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The two IESE researchers based their analyses on a comprehensive sample of Southeast Asian public firms from 2012 to 2017. With the cooperation of institutions promoting good governance in Indonesia, Malaysia, the Philippines, Singapore, and Thailand (Vietnam was excluded because of lack of data on foreign ownership in the its enterprises), they obtained propriety data on the scores assigned to the listed firms in each of the countries. Based on these data, they analyzed foreign investors’ (ex-post) reaction to the publication of the Top 50 List. They found out that being included in the List is associated with significant increases in foreign institutional ownership: on average foreign investors increase by 0.3 percentage points their ownership in the firms included in the list. Based on the average market capitalization of the firms in the sample ($3.3 billion) their estimated magnitudes translate into an average capital injection of $9 million for each firm that appears on the Top 50 List relative to firms outside this. Considering that foreign investment in these countries are relatively low (except for Singapore), this effect is meaningful. After performing placebo tests, they also found out that their models capture the effect of the Top 50 List on foreign institutional ownership.
It is also worth noting that when they broke down foreign investments by investor type, they discovered that the documented patterns are driven by mutual funds and pension funds, but not by hedge fund and private equity funds, the latter group being more notorious for their obsession with maximum profitability. The investors with longer investment horizons—mutual funds and pension funds—are the ones that expect corporate governance improvements made by the sample firms will have long-term consequences. When the authors analyzed the firms’ ex-ante reaction to the Top 50 List, they also found out that the possibility to be included in the list generates incentives for firms to change their corporate governance practices for the better in conformity with the guidelines upon which the ACGS is based.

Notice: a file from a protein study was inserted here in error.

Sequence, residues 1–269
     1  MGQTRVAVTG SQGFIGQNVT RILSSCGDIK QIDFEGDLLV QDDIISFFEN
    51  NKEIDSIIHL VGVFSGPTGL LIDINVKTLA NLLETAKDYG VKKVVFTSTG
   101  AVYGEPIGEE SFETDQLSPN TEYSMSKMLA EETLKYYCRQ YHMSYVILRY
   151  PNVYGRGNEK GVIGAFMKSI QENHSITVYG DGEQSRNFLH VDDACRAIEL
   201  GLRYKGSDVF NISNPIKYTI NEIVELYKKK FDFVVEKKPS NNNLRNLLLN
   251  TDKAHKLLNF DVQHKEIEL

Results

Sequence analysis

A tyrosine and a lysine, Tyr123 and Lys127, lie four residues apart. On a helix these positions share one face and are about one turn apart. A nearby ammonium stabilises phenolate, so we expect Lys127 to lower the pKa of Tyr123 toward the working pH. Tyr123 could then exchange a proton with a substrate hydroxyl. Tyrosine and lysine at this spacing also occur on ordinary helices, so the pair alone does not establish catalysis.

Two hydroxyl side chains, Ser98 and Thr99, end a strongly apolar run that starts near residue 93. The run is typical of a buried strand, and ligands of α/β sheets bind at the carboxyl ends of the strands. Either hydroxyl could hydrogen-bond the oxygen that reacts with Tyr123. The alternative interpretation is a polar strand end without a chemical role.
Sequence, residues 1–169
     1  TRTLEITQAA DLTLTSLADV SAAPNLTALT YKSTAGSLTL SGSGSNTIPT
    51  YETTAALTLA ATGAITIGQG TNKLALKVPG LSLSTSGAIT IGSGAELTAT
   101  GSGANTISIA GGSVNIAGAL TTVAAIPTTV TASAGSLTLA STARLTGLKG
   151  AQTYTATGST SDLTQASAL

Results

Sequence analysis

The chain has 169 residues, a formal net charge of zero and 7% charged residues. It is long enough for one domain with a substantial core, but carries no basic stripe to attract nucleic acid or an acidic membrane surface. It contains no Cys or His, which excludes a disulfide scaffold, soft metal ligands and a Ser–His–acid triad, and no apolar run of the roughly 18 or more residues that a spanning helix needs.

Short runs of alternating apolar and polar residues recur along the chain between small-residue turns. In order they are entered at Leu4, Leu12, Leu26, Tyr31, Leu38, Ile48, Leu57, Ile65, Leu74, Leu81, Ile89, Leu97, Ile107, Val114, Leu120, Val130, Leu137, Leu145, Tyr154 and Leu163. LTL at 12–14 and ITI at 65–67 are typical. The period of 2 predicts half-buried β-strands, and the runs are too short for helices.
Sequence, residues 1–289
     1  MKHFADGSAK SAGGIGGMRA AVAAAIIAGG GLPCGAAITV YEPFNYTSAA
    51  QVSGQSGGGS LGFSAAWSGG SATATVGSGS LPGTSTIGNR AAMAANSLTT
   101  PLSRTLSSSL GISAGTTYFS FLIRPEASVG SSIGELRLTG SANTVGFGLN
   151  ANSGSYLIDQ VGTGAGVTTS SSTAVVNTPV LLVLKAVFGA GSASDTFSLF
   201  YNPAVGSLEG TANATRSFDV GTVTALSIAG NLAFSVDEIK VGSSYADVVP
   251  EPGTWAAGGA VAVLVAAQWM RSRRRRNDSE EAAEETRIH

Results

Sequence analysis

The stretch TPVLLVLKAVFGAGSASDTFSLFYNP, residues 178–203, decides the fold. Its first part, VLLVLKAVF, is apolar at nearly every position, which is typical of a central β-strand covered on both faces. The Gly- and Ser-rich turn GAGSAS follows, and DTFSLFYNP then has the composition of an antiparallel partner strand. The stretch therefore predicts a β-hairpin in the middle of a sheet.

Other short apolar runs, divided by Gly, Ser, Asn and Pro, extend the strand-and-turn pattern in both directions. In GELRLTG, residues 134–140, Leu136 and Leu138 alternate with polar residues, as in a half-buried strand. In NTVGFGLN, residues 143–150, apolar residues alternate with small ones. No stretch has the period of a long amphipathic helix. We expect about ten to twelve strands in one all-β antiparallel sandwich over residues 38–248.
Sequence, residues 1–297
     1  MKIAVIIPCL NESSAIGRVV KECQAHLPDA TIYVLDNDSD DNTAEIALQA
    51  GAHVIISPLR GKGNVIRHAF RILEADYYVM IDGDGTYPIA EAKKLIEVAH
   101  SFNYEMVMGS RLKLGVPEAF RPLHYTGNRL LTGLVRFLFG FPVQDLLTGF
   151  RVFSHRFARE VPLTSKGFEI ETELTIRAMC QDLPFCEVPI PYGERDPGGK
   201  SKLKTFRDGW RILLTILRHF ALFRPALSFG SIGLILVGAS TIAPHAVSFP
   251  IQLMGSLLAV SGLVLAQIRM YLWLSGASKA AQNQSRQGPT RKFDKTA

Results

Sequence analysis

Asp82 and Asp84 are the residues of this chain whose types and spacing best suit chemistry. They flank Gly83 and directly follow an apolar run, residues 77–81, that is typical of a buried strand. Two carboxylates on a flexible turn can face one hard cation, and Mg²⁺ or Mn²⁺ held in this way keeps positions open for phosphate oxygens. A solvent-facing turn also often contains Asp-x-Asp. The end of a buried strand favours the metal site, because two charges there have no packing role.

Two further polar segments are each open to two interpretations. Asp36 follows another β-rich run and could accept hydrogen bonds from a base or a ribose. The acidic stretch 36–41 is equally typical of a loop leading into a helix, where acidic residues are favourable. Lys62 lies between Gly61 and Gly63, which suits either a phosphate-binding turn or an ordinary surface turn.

There is additional evidence that the improvements in corporate governance precipitated by the inclusion in the Top 50 List have to do with corporate policies that are least related to profit maximisation goals. The documented changes in ACGS are concentrated along corporate governance dimensions related to the role of stakeholders, disclosure and transparency and the responsibilities of the board of directors. In contrast, the sample firms do not increase shareholder rights and equitable treatment of shareholders (i.e. mechanisms to share the control of the firm with minority shareholders). This means that the governance changes preserve the majority shareholders’ control over the firm. Furthermore, the authors studied the variation in the potential benefits that firms could obtain from receiving additional funding from foreign investors. They found out that firms with higher growth opportunities and higher financial constraints exhibit greater improvements n ACGS when they are closer to the 50th position in the ranking. This implies that the Top 50 List provides firms with incentives to improve their governance practices, especially when the benefits of doing so outweigh the costs.
Another meaningful finding of the study showed that the increase in foreign investment driven by the inclusion in the Top 50 List is associated with increases in capital expenditures. In contrast, there is no such association with changes in dividend payments. This evidence suggests that the firms included in the list use the increase in funding from foreign investors to invest in profitable projects rather than distributing those additional funds to the shareholders. This can also be interpreted to mean that efforts to improve corporate governance by top management and the board of directors do not give the highest priority to the interest of the shareholders, especially the majority ones.
The authors compare their study to previous papers on the consequences of the inclusion in a stock index such as those who examine the effect of the JPX-Nikkei Index 400, a Japanese stock index based on return on equity. Similar to these papers, the ACGS-related study provides evidence that the incentives for inclusion (or to avoid exclusion) in a publicly-observable list can lead to changes in firm behaviour. The difference lies, however, in the fact that while the inclusion in an index mechanically affects the investment of the passive investors following the index, there is no such mechanical effect when the firm is included in the ASEAN’s Top 50 List.